Record egg count from rare kiwis
26 Sep 2008
The rarest kiwis in the world have launched their 2008 breeding season by producing a record number of eggs.
Surprised New Zealand Department of Conservation (DOC) staff say 28 eggs have been collected from the Okarito brown kiwi, or rowi, as part of a safe breeding programme.
At the same time last year, just three eggs were taken to be hatched in captivity.
The Okarito rowi is the rarest species of kiwi in the world and was considered to be on the brink of extinction with 300 birds left.
Three years ago, DOC began removing eggs from the South Westland forest in the south of the South Island, to hatch in captivity, away from predators. The eggs are taken to the Willowbank Wildlife Reserve near Christchurch for safe hatching.
Biodiversity ranger Liz Brown says this year’s numbers show an ''incredible'' start to the season and more birds are breeding earlier.
"We are not sure why, possibly due to a fairly mild winter. The breeding season started in late July, and will probably run through until January or February so there's plenty of time left for more eggs and chicks," she said.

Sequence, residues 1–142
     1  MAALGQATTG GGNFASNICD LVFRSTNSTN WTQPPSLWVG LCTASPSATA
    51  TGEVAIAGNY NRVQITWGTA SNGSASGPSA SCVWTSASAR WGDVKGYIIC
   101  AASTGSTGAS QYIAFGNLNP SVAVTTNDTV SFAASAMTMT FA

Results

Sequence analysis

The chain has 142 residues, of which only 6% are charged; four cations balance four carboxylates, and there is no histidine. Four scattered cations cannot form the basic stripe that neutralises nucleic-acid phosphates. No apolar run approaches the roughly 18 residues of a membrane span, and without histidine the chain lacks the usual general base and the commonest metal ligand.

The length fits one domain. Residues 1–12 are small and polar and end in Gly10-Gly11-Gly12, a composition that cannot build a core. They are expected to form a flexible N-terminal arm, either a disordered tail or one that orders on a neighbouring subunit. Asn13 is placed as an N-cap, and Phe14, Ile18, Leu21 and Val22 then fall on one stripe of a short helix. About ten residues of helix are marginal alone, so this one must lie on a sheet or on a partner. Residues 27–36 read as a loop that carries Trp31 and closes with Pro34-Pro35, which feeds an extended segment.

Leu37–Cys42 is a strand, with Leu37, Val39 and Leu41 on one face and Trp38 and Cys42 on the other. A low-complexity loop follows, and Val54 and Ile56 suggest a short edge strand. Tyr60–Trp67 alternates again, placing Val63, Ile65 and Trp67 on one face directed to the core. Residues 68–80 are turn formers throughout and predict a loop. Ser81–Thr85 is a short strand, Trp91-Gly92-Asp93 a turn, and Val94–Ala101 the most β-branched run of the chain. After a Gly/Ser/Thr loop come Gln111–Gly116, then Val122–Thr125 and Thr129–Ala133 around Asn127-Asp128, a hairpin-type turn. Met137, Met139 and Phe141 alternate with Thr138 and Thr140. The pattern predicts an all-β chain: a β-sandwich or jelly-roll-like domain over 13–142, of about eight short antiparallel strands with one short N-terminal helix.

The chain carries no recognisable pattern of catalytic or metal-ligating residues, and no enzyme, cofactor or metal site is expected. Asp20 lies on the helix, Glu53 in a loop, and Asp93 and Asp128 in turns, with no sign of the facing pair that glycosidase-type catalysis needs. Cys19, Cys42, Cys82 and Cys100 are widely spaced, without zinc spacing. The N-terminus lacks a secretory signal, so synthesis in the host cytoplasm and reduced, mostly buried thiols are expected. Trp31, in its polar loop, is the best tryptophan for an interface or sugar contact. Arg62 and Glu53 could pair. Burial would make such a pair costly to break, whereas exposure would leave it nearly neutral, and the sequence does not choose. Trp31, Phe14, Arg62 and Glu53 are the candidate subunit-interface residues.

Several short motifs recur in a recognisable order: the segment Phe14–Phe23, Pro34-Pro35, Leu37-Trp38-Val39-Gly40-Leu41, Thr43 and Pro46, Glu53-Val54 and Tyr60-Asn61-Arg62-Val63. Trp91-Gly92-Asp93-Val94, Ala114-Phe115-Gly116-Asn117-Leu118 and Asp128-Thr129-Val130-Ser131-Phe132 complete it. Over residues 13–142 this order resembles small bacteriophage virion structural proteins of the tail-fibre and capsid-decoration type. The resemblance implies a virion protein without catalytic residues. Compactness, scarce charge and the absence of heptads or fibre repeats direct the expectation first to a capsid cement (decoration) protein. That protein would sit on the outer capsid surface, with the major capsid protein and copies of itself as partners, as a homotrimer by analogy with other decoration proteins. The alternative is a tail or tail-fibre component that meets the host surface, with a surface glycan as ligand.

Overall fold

Four chicks have already hatched, four were unviable and possibly infertile from the start, and one was damaged by a predator.
Kiwi monitoring programme
DOC staff are monitoring 35 new birds caught during winter and about 70 pairs now have transmitters, compared with 45 last year.
Okarito rowi are soft to touch, compared with the more coarse feel of North Island brown kiwi. Male and the female rowi take it in turns to look after their egg, while in most other kiwi species it is a male-only task.
In 2006, 12 chicks were successfully raised, in 2007 that rose to 23, and this year the kiwi team hopes the number will exceed 30.
The birds have transmitters attached to their legs which send out a sequence of 15 distinct sets of beeps. These are then picked up by receiver equipment carried by a kiwi ranger.
If the signal shows little movement, then it's likely the kiwi has laid an egg and is spending much of its time incubating.
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